COLUMBUS - One option proposed to the Ohio Supreme Court by a coalition of schools suing the state could have a dramatic impact far beyond the classroom, potentially shutting down Ohio state government.
If the Ohio Supreme Court were to agree to stop the state's $45 billion, two-year operating budget from going into effect on July 1, checks to welfare recipients and nursing homes would stop flowing, state offices and parks could close, state employees might not receive paychecks, and support for health care programs might dry up.
The state will argue before the court today that it has made sufficient gains in addressing last year's 4-3 ruling that Ohio's system of funding public education unconstitutionally places students in poorer districts at a disadvantage. In particular, the state will point to a $1.4 billion increase in planned state spending on schools over the next two years.
“I'd like to think the court is not going to exact punishment on the whole state because four of them disagree with what the legislature has done. You'll start to have real victims out there,” said Scott Borgemenke, formerly Mr. Taft's chief policy adviser and now a public relations consultant.
Bill Phillis, the coalition's director, could not be reached for comment. But in court papers filed this week, coalition attorney Nick Pittner wrote that it might be “particularly appropriate” if the court struck down the budget, because the state “has made clear its opposition to raising additional revenues - something the state is certainly capable of doing should it wish.”
The coalition has suggested that the state could focus solely on the K-12 aspect of the budget, shutting off the spigot of state aid to force the General Assembly back to town over the summer to fix the system.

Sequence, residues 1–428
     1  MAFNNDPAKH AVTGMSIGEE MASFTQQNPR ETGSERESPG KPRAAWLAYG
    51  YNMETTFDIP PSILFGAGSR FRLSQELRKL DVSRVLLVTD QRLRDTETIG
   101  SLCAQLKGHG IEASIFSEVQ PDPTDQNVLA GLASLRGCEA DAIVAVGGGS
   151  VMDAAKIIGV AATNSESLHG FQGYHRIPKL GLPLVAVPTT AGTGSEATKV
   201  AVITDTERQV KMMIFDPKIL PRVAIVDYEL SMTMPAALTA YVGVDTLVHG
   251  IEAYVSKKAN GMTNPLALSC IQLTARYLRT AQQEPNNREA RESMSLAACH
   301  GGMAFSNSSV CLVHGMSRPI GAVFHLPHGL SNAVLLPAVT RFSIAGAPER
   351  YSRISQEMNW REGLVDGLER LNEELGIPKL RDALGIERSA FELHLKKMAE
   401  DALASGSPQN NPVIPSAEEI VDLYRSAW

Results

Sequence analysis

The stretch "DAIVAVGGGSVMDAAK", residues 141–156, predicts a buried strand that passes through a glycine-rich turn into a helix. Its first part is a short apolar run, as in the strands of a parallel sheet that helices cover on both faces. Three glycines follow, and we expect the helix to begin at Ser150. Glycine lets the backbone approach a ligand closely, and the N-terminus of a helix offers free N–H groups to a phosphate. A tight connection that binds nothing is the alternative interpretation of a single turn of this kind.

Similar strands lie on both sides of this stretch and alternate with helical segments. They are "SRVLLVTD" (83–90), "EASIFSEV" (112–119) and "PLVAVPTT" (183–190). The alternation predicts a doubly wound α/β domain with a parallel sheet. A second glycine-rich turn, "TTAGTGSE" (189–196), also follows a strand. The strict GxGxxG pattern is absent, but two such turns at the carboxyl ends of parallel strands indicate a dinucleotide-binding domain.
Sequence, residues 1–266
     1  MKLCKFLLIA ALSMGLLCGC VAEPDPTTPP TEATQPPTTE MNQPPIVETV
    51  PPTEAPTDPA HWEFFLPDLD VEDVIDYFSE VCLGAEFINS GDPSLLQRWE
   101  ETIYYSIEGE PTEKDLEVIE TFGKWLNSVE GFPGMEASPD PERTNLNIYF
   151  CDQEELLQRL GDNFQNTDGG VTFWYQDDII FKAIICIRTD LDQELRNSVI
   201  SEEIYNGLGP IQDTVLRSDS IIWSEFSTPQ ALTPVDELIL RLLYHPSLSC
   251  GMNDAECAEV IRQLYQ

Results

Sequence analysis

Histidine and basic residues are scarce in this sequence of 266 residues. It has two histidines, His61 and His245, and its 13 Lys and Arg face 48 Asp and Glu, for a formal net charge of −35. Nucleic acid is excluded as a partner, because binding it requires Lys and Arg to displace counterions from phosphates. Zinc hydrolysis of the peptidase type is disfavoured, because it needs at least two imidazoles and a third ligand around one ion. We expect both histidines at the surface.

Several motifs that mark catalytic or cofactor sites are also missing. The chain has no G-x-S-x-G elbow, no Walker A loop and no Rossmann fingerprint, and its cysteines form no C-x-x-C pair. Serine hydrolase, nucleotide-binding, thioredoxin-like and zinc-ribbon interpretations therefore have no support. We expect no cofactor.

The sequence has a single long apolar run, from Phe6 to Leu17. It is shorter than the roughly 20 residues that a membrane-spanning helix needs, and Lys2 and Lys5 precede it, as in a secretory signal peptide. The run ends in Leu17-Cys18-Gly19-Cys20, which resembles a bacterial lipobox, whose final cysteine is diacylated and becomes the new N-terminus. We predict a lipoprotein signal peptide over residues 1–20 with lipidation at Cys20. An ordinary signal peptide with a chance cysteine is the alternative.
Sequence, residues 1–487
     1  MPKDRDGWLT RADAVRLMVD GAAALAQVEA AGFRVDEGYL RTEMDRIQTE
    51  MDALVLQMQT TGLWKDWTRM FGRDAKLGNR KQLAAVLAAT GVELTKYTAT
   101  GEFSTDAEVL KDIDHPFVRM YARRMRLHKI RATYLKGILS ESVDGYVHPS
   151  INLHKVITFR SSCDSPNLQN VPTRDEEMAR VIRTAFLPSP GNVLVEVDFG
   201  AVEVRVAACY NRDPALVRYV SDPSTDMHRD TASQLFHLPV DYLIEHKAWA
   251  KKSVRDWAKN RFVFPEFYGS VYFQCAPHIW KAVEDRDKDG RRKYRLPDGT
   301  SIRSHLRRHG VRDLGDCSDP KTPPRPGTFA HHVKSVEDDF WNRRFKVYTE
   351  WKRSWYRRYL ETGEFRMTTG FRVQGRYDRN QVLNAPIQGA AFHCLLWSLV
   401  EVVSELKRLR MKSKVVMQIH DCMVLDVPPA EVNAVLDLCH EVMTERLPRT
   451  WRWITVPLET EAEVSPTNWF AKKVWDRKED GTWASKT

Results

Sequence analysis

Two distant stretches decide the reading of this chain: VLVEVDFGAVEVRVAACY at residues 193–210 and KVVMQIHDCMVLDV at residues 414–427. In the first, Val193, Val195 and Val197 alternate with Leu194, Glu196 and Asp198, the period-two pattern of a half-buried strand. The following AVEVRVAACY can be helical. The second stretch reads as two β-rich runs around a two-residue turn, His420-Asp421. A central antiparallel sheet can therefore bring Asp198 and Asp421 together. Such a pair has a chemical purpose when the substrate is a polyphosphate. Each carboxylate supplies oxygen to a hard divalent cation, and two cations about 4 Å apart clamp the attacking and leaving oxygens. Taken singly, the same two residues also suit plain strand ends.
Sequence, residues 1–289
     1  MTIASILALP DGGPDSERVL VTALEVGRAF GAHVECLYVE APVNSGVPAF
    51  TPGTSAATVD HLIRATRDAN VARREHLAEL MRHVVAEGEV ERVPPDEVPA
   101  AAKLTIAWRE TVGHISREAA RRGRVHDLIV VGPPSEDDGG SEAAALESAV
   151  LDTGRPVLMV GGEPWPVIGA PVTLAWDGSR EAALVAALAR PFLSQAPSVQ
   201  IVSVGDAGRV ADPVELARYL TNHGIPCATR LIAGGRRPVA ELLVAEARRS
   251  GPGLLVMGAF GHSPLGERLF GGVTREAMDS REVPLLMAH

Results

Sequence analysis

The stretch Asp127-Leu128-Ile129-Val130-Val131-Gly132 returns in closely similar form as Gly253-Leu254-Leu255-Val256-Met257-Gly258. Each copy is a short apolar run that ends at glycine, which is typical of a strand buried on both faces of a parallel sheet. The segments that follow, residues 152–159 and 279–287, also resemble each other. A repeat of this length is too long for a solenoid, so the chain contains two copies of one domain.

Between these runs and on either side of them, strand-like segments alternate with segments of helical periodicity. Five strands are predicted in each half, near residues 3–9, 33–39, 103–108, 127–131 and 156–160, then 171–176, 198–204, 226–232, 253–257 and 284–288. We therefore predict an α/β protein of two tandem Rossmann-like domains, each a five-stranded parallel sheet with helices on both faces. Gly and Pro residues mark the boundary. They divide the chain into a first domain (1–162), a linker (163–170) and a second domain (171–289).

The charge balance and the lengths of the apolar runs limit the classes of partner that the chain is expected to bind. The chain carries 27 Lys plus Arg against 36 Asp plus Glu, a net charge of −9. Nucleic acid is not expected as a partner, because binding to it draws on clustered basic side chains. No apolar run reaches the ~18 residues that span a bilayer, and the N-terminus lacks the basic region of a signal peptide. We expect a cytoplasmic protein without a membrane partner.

Absent that, the court might appoint a “special master” to negotiate a plan between the parties, as suggested by the coalition of 515 districts thatincludes Toledo Public Schools.
“I won't support anything that leads to a stand-down or something that freezes everything in place,” said House Minority Leader Jack Ford (D., Toledo). “I don't think we move ahead that way.”
Warren Russell, spokesman for the Ohio School Boards Association, noted that a 1980 state law prohibits a school from closing because it runs out of money.
“It's a catch-22,” he said. “We have a state law that says [schools] have to borrow [from the state] if they run a deficit. ... I guess how it works out is chaos.”
Wealthier districts like Ottawa Hills presumably could survive better on local revenue than poorer districts like Lima Public Schools.
“The poorer districts that get 85, 90 percent of their money from us would simply not open this fall,” said Senate President Richard Finan (R., Evendale). “If they think that is a proper way to operate an educational system, then let that be on their house.”
Many believe that, if the court again rules against the state, it is more likely to pursue the option of appointing a master to oversee the process of developing a solution. That would most likely be done while the current spending plan remains in place, guaranteeing spending per pupil of at least $4,949 by 2003.
Unlike the federal government, state government has not been shut down for financial reasons in modern history. Even in times of budgetary impasse, lawmakers have been able to agree long enough to enact interim spending plans while the battles continued.
In the event of a crisis brought on by the striking down of the general fund budget bill, highway crews would continue to operate, and the Ohio Highway Patrol would be on call. The Ohio Department of Transportation and Department of Public Safety largely operate from a separate transportation budget.
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